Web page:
FEBRUARY 9, 1957
NEW YORK—It seems to me that the speech made by the French Minister on the Algerian question was one which showed a great advance in French thinking. There is no claim that Algeria should not be given freedom but the desire seems to be that the whole of N. Africa should be free but a part of the European area. This seems fairly logical. There is an evident anxiety on the part of France to keep closer ties with Algeria than with Tunis and Morocco because there are more French settlers in Algeria. I imagine also the search for oil is of distinct interest to France so she would like to feel that area was more integrated into France itself than either Morocco or Tunis but this is not mentioned in the discussions. If we can get peaceful agreements between France and the three N. African Arab countries it will be a distinct advantage and I hope negotiations will move quickly because an agreement there will have a distinct influence on the whole Near East.
There was a most interesting article by John Fisher in Harper's magazine on the kind of policy which he feels is evolving in Washington, not only in the administration but in the Congress towards many of the questions which now have been bedeviling the U.N. in the Near East. One point in his article interested me. He pointed out that Vice President Nixon was being built up to be the next candidate for President and that he would be named probably as head of the Operations Coordinating Board. This is a little known agency but potentially is one of the most powerful in our government. Supposedly it expedites and coordinates all departments in carrying out the policies framed by the National Security Council and accepted by the President. Herbert Hoover, Jr. was head of this agency but nobody heard much about its activities. Nixon, however, would speak with much greater weight because everyone would feel he represented the President and was chosen to have this power because the President felt he would be the next candidate for President. The news on Thursday that the President had decided to keep the Vice President more fully informed on government policies, because he should be abreast of every policy in case he is called upon to succeed the President at any time, bears out this suggestion made by John Fisher in Harpers and seems to indicate that the Republicans are not slow in making their plans for the future.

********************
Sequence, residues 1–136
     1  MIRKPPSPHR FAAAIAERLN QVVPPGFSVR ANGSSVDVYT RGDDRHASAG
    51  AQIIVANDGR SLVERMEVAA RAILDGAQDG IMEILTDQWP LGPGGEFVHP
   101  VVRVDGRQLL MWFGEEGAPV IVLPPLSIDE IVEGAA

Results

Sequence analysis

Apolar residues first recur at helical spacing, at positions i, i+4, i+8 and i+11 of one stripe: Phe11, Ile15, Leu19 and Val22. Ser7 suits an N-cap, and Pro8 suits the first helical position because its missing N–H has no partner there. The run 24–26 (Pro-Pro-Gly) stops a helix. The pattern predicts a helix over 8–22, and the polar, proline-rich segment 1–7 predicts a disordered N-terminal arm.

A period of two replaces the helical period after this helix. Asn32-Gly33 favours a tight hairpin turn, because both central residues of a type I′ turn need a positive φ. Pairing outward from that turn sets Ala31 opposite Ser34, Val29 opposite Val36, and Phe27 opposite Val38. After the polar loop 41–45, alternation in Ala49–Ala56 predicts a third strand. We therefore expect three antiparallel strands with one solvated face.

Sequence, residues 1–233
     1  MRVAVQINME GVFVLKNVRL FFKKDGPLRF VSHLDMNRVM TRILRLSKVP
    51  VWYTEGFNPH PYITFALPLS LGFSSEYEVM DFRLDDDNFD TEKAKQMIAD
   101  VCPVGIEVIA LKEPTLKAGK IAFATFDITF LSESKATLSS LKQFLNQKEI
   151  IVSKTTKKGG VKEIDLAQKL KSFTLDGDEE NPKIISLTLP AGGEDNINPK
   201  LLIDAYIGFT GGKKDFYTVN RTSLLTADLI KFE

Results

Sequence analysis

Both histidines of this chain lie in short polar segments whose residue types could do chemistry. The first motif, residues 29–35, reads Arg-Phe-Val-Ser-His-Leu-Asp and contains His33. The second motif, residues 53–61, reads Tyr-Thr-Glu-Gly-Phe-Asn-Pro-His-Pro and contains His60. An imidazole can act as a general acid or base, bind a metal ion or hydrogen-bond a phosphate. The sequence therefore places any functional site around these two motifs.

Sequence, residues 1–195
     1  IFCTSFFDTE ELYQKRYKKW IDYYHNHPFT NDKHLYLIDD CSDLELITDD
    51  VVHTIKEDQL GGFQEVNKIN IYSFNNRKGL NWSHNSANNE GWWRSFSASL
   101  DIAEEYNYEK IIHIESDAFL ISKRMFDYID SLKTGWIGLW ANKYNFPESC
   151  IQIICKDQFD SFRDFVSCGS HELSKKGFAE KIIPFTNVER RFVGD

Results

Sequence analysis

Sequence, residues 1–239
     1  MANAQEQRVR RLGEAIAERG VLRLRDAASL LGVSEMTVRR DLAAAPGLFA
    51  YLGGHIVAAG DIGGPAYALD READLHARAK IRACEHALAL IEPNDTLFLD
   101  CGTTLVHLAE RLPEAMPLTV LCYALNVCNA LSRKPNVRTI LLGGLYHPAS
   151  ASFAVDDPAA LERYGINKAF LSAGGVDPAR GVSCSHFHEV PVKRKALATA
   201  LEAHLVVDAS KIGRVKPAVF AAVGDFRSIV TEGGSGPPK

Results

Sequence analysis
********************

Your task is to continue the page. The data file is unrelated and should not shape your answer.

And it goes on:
I am still hopeful that it will occur to many of the member nations in the U.N. that voting sanctions on Israel because she is a small nation before they get an agreement from Egypt on two such simple points as allowing the U.N. force to take over in the Gaza strip and the gulf of Aqaba, and getting a promise of an arrangement on the Suez Canal, is a dangerous proceeding. Giving in to Egypt because we fear possible action on the part of the Soviet Union is a sign of weakness on the part of the U.N. and I think we will not have the respect of the Arab nations until the U.N. shows it is confident of its own strength. The request of Israel to be assured of U.N. protection in the border areas is a reasonable request. Other nations may make equally reasonable requests and it would be too bad if the U.N. as a whole did not have the courage to look at these requests and act on them independently of possible political pressures.